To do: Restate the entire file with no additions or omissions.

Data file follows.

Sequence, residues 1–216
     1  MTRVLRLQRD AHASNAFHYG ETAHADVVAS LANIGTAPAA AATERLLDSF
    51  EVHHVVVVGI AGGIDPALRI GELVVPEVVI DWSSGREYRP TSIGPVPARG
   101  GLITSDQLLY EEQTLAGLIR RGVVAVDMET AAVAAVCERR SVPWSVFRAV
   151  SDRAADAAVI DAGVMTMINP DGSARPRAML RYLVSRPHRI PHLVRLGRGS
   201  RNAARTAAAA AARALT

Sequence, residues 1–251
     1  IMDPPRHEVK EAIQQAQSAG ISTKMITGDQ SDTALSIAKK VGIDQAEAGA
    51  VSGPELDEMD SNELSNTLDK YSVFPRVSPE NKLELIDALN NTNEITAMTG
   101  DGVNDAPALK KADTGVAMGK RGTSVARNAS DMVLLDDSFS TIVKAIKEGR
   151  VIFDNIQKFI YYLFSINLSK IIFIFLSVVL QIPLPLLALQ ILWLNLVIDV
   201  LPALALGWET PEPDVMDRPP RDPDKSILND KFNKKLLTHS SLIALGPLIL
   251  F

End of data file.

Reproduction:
Sequence, residues 1–216
     1  MTRVLRLQRD AHASNAFHYG ETAHADVVAS LANIGTAPAA AATERLLDSF
    51  EVHHVVVVGI AGGIDPALRI GELVVPEVVI DWSSGREYRP TSIGPVPARG
   101  GLITSDQLLY EEQTLAGLIR RGVVAVDMET AAVAAVCERR SVPWSVFRAV
   151  SDRAADAAVI DAGVMTMINP DGSARPRAML RYLVSRPHRI PHLVRLGRGS
   201  RNAARTAAAA AARALT

Sequence, residues 1–251
     1  IMDPPRHEVK EAIQQAQSAG ISTKMITGDQ SDTALSIAKK VGIDQAEAGA
    51  VSGPELDEMD SNELSNTLDK YSVFPRVSPE NKLELIDALN NTNEITAMTG
   101  DGVNDAPALK KADTGVAMGK RGTSVARNAS DMVLLDDSFS TIVKAIKEGR
   151  VIFDNIQKFI YYLFSINLSK IIFIFLSVVL QIPLPLLALQ ILWLNLVIDV
   201  LPALALGWET PEPDVMDRPP RDPDKSILND KFNKKLLTHS SLIALGPLIL
   251  F